Understanding emotional hunger Print
By Andrea Holwegner, For The Calgary Herald January 20, 2011
Vanessa, a married woman in her 40s and the loving mom of two beautiful young girls, originally came to see me to gain control of a bingeing problem.
She had always been an all-or-none eater. A “good day” consisted of only healthy eating. No sugar, no treats and very few carbs.
If she “broke down” and had one cookie it then became a “bad day” — the eating was out of control and her whole day was bad. Although she’d tried every diet and fad to lose weight, she’d only gained, leading to worse eating habits and more bingeing.
During counselling, Vanessa learned that it’s important not to “diet” but to eat the right amounts of a variety of food to feel full and satisfied — and that it’s OK to have a treat without guilt. Today, she has her bingeing under control, and she has a “treat” every day, knowing that there’s always tomorrow to have it again.
Vanessa discovered that the key to feeling confident and in control of her eating was to look at the true meaning of being full and satisfied, and to look at physical versus emotional hunger.
The true meaning of feeling “full” is to find balance between healthful and soulful eating. One without the other will surely run you into trouble.
When she first came to see me, I gave Vanessa a B+ score for healthy eating. She was choosing fruits, veggies, calcium-rich foods, lean protein and lower fat foods. To score an A+, Vanessa needed to add more grains to her diet for fibre, B vitamins and carbohydrate to fuel her brain and muscles.
But I gave her a D when it came to soulful eating. Vanessa was attempting to eliminate sweets, treats and junk foods completely. This isn’t necessary to be healthy and manage a healthy weight.
Allowing room for soulful foods chosen for enjoyment, rather than for nutrition purposes, is essential for success. Refuse to label foods as good or bad and find balance like Vanessa did somewhere in between “all” or “none.”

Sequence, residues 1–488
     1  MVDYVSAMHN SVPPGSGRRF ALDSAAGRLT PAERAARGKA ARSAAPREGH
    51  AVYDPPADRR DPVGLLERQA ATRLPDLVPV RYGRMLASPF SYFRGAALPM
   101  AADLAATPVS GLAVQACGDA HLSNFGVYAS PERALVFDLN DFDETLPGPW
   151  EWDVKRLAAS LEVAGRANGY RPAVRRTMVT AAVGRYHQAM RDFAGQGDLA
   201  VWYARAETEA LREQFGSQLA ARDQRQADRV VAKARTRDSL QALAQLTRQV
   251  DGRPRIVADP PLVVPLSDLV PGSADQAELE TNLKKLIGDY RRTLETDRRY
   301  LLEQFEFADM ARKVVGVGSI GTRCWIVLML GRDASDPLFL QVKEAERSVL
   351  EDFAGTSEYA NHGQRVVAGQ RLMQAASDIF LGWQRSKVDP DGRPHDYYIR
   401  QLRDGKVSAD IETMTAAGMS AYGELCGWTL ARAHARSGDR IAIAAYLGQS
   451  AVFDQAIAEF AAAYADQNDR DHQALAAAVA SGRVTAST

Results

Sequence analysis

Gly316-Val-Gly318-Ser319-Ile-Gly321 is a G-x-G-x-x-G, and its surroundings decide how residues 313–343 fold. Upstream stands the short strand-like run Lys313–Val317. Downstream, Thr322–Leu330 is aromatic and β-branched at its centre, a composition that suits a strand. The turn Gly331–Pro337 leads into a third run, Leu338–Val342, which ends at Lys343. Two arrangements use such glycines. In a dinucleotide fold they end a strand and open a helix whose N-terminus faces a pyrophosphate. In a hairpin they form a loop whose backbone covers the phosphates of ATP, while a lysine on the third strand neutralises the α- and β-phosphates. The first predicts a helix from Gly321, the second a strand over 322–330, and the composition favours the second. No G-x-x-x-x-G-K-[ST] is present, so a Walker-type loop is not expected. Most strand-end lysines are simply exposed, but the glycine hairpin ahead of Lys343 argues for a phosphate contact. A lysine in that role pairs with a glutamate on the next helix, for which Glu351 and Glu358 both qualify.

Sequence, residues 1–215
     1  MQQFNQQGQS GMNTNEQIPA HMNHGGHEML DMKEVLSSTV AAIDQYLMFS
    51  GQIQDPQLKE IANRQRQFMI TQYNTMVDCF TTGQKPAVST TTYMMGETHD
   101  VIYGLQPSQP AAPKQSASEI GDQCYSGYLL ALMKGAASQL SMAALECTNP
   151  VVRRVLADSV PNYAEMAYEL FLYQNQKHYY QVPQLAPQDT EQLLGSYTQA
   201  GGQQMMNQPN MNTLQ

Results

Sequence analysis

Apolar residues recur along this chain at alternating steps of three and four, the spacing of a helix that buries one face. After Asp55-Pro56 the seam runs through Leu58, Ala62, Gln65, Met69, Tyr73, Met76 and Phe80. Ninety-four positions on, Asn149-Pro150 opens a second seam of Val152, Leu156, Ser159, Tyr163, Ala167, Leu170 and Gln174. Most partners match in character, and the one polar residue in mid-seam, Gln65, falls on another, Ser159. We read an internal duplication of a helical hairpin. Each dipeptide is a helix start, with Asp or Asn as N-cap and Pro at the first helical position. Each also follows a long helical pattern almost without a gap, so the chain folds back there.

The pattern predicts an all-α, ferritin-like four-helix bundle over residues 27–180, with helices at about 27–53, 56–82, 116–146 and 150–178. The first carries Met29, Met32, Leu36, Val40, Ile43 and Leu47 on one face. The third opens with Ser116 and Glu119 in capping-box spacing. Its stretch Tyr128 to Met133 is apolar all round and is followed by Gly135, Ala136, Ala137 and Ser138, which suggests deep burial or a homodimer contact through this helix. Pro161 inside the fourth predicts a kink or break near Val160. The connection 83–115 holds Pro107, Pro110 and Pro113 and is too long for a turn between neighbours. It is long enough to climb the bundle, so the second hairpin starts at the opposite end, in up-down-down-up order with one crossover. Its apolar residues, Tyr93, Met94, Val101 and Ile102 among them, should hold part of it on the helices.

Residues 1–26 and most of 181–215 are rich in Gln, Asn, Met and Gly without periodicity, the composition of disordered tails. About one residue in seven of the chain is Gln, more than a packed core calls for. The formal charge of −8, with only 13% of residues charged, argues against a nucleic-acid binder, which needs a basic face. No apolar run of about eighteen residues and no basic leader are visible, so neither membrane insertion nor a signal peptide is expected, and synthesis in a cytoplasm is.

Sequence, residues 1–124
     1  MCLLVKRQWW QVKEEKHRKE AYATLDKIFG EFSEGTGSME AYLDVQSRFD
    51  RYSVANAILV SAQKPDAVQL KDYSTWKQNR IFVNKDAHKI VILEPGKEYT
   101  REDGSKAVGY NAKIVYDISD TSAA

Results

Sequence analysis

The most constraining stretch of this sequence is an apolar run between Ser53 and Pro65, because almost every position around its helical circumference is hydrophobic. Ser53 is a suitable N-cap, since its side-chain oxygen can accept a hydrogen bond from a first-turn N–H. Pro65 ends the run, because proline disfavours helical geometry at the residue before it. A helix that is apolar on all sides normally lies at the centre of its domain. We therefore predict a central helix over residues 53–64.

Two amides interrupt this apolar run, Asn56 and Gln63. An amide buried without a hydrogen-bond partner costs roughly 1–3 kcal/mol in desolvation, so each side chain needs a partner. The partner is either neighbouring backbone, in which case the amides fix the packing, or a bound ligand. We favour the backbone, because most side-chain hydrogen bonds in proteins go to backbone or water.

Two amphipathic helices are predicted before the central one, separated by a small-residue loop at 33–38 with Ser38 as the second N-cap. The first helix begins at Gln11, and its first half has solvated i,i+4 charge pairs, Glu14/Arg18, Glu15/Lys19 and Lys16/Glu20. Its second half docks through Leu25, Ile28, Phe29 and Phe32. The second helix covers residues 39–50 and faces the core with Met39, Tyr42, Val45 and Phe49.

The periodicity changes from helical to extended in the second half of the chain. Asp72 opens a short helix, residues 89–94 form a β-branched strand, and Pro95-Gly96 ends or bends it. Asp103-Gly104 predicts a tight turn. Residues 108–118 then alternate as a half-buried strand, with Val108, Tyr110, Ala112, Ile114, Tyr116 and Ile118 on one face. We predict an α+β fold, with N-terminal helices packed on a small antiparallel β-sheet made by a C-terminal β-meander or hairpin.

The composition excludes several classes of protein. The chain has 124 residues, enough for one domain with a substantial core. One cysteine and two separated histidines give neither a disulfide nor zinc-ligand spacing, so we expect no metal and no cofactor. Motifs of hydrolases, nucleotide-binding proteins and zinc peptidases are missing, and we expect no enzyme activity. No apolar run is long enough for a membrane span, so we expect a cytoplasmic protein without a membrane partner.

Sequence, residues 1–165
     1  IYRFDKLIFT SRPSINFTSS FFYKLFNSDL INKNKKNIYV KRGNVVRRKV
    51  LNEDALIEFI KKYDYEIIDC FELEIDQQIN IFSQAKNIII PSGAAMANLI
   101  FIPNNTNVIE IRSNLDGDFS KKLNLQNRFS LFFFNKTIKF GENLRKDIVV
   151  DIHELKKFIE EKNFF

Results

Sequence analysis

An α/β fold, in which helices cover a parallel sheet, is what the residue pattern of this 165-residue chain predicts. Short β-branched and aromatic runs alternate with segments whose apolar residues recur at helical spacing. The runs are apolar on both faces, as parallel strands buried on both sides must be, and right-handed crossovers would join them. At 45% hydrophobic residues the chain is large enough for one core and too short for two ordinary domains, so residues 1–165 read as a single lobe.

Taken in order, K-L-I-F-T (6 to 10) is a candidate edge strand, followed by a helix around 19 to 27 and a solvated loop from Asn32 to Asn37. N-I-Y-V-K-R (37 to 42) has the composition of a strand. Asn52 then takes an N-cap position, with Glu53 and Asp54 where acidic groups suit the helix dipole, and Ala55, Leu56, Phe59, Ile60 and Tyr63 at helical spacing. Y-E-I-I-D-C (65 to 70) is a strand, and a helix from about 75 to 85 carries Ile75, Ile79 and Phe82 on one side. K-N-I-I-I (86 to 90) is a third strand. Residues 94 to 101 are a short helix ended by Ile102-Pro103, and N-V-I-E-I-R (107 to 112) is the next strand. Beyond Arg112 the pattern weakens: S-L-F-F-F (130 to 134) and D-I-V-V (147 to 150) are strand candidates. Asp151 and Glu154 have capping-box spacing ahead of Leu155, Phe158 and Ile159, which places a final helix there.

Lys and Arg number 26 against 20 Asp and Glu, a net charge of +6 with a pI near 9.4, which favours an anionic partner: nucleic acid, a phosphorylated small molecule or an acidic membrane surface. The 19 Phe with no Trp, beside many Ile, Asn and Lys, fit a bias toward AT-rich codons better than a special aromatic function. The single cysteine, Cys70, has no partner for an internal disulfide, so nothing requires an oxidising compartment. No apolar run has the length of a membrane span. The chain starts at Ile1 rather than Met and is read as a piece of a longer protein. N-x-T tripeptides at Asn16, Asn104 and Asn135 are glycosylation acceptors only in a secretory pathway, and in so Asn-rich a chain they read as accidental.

How would you score yourself on healthful eating? What about soulful eating?
Understand “stomach hunger”
Stomach hunger can be defined as the physical symptoms that remind us we need to eat.
You may relate to signs such as the stomach rumbles, a feeling of emptiness in the stomach or lowered mood, energy or concentration. If you ignore these symptoms, you may even feel hostile, depressed, very lethargic, shaky or headachy.
Like so many people, Vanessa had stopped trusting stomach hunger and was attempting to ignore her instinctual desire to eat enough carbohydrates to fuel her brain and muscles. She was convinced she needed to decrease carbs to help her lose weight. But the more she tried to eliminate carbs from her diet, the more obsessed she became about them and inevitably binged.
Vanessa had to relearn how to trust her body’s true hunger cues and allow enough grains and starches in her diet for health. She found inspiration by watching her young daughters, since kids are brilliant at detecting stomach hunger.
Children intuitively trust their own biologic reasons to eat: they naturally eat at sporadic times and the amount they eat always fluctuates based on stomach hunger and growth.
Listen for “emotional hunger”
Chances are good that the main reason you are overeating is not about food at all.
As Vanessa discovered, gorging on a full tray of cookies as they come out of the oven was more about feeling unsatisfied and undeserving. It was also about feeling that her body was not good enough the way it was, despite already being in a healthy weight range.
Everyone eats for emotional reasons sometimes. It is perfectly normal to eat when you are sad, mad, happy or stressed. However, if your eating is bringing you down and making you feel uncomfortable, there is hope if you are willing to ask yourself some tough questions.
Here are the three most important questions you need to contemplate:
-What is eating me? If I am eating when I am not truly hungry, is it because I am stressed, sad, bored, angry, worried, etc.?
-What am I hungry for? What am I looking for in my life that has not come my way yet? What fulfils me and brings me joy?
-How can I comfort myself without food? How else can I soothe or nurture myself? Is there an enjoyable hobby, task or activity that I could do instead of turning to food?
If you are brave enough to really explore these questions and do the work to solve them, I guarantee your relationship with your body will improve and you will be able to manage a healthy weight.
Andrea Holwegner, “The Chocoholic Dietitian,” is the owner of Health Stand Nutrition Consulting Inc. Visit www.healthstandnutrition.com or phone 403-262-3466 for more information on personalized nutrition counselling, professional speaking and to subscribe to a blog or free monthly e-zine. Mention promotional code calherald09 and, for January 2011, bring a friend for nutrition counselling for no extra fee.